News | 23 November 2011

Berkeley Professor Scott Saul talks about Richard Pryor, Wattstax, and 1970’s LA


Last week, Berkeley American Studies and English Professor Scott Saul spoke with the UCSC Urban Studies Research Cluster (USRC) about Richard Pryor and his role in the documentary film Wattstax. Saul analyzes Wattstax as a work of documentary filmmaking, as well as a representation of black political and cultural life in 1970s Los Angeles. Of particular interest to the urban studies research cluster, Saul describes the ways in which the documentary captures a mosaic of images from the Watts community just seven years after the Watts riots. Saul’s examination of Wattstax explores its representation of black culture, use of Pryor as a tragic-comic figure, and the significance of 1970’s Los Angeles in the black imaginary.

Wattstax documents the iconic 1972 concert, held at the Los Angeles coliseum, on the Anniversary of the Watts riots. The riots, which killed 34 people, stemmed from the mistreatment of a black motorist by white police but exploded from the power keg of race relations across the nation.  The concert was planned as an event to celebrate the strength of the Watts and larger Los Angeles community. The music and messages of the event spoke to black power, play, and perseverance through hardship. The documentary Wattstax attempts to record the mood and music of the event, while situating it squarely within the larger struggles of the Civil Rights and Black Power movements.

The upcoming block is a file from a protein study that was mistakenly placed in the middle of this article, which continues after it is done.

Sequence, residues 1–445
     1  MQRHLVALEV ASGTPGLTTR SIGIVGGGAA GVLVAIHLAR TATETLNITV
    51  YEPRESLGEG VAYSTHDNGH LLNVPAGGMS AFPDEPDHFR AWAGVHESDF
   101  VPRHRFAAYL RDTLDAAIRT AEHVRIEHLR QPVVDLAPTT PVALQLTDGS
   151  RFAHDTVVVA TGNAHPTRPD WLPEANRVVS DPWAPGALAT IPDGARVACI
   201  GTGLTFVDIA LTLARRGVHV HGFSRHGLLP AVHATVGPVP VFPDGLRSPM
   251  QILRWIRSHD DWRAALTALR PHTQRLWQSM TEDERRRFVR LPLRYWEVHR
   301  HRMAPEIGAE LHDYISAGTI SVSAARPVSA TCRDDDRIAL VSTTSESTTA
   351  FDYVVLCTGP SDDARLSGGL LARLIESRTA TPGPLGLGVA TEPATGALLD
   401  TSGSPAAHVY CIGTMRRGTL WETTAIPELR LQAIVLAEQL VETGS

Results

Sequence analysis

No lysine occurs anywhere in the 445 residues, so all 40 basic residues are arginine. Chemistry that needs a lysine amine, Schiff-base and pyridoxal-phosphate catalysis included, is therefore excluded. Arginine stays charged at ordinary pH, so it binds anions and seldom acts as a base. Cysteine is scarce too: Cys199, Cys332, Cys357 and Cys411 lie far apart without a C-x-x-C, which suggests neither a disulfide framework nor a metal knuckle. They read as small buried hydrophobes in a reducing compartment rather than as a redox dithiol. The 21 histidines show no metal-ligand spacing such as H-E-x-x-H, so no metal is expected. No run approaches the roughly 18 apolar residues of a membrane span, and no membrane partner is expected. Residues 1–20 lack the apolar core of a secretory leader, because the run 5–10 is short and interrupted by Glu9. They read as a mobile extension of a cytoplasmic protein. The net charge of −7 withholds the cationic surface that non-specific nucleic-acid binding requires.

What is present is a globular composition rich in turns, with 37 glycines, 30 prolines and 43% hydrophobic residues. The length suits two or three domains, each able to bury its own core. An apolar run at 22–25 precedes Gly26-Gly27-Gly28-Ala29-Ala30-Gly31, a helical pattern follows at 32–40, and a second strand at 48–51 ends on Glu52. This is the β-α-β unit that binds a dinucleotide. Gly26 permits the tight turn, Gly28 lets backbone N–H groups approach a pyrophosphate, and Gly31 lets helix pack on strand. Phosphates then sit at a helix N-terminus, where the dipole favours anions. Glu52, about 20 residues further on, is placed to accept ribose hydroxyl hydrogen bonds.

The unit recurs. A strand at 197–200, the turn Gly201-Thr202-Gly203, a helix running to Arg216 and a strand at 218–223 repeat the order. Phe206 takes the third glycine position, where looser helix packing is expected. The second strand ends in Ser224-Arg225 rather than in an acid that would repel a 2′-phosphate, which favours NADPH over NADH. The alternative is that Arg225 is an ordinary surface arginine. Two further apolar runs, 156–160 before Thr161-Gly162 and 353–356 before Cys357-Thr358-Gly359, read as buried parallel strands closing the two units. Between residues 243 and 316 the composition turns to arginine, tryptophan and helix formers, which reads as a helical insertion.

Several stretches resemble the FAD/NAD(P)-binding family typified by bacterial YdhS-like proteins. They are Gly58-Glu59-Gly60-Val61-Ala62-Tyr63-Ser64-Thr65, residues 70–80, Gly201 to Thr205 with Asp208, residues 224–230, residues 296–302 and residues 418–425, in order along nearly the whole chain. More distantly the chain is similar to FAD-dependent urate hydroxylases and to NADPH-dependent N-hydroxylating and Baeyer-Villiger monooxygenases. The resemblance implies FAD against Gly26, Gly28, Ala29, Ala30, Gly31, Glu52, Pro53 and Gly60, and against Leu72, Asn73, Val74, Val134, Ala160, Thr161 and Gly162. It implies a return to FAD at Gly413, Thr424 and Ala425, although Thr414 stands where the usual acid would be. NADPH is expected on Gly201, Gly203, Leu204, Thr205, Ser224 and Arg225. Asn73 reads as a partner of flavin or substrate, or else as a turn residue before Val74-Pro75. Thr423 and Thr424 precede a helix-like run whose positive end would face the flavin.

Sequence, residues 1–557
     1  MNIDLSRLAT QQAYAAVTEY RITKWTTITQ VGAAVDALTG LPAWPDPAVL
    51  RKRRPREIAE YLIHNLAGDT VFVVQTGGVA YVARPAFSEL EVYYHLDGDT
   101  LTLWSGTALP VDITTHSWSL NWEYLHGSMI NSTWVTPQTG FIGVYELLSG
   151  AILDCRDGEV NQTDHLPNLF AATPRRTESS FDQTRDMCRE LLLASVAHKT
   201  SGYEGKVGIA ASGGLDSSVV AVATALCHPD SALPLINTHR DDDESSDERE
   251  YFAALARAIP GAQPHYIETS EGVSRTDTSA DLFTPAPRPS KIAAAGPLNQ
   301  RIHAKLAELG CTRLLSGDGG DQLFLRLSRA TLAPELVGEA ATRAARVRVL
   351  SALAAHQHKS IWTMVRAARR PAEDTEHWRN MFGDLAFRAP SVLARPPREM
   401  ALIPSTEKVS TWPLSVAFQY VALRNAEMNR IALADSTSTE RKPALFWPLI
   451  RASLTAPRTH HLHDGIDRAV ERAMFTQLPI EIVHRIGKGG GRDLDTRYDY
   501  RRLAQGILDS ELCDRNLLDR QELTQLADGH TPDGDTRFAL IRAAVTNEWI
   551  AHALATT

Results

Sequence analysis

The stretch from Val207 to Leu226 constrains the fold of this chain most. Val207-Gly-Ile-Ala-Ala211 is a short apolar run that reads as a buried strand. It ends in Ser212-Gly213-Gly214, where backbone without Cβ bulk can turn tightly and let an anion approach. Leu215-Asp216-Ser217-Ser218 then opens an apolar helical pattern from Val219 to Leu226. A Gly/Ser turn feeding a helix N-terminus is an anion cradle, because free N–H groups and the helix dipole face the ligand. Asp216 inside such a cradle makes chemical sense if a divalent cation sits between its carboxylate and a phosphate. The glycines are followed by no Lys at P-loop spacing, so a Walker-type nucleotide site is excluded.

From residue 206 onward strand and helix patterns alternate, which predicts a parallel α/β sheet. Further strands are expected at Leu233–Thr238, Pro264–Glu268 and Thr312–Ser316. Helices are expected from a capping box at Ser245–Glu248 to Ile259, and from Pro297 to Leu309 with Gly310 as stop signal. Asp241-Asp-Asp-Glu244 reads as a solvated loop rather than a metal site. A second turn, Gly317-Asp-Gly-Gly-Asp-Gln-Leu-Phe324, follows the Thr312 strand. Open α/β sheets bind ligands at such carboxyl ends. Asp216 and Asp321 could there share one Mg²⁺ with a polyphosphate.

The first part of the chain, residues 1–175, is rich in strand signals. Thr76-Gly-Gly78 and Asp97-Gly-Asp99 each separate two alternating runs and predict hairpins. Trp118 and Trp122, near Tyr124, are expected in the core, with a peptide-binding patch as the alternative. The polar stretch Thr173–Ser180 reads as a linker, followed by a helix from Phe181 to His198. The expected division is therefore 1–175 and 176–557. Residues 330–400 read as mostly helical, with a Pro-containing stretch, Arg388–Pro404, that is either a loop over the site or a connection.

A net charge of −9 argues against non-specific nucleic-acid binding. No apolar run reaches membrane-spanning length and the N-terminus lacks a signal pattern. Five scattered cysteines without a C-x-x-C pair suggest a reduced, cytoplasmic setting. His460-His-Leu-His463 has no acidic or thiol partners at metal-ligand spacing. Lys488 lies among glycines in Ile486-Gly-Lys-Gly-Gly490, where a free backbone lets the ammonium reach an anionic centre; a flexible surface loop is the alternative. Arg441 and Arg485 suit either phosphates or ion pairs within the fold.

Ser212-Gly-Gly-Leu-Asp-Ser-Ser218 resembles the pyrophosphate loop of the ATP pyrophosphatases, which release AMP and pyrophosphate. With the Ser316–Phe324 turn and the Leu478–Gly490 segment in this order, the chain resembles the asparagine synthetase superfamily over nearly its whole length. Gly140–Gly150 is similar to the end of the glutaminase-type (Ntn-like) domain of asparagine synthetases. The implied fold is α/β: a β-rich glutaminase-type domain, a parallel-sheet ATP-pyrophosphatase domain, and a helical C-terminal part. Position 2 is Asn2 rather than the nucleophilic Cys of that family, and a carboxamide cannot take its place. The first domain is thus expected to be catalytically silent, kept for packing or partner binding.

Saul’s talk started with a textual analysis of the beginning of the documentary, noting the juxtaposition of the opening images from “ordinary life” in the Watts community, such as girls waiting for buses and men in cafes, with more potently political images, all set to “What You See Is What You Get” by The Dramatics. Saul’s close reading of the film helped highlight how the Wattstax documentary operates as more than footage of the concert; it pulls together snapshots of life in the Watts community as representative of larger political struggles.

However, it is the film’s narrator, Richard Pryor, that is Professor Saul’s driving interest. He is currently working on “Becoming Richard Pryor” which will be the first critical biography of the comedian-entertainer. The study explores the trajectory of Pryor’s artistic development in conjunction with a set of larger historical trends: the emergence of the counterculture and the Civil Rights and Black Power movements; the debates over the “declining inner city” and the “declining working class” in 1970s culture; and the challenge posed by New Hollywood to the older studio system. As a biographer of Pryor, Saul is interested in the way in which Pryor acts as a “Shakespearian character”, using humor as a means of teasing out contradictions of race relations. Pryor’s comedic presence plays counterpoint to the more serious subject matter of the film.

Saul also spoke with the USRC about Pryor’s early life in the city of Peoria, Illinois. Just like his treatment of L.A. in the early 1970’s, Saul explained how the flows of capital, labor, resources, and desires shaped the social geography of the city in the 1930s and 40s.  He described how the underground economy of Peoria sometimes opened up surprising opportunities, as well as dangers, for disenfranchised people.

It is Saul’s impressive ability to link urban context with wider historical and cultural movements that made him an important speaker for the members of the urban studies research cluster, as well as the other UCSC students and faculty who attended his talk. With an ear for a good story and a sincere appreciation for his research subject, Saul talk was both entertaining and provocative.

Urban Studies is a research cluster at the UCSC Institute for Humanities Research, funded by the UC Humanities Network.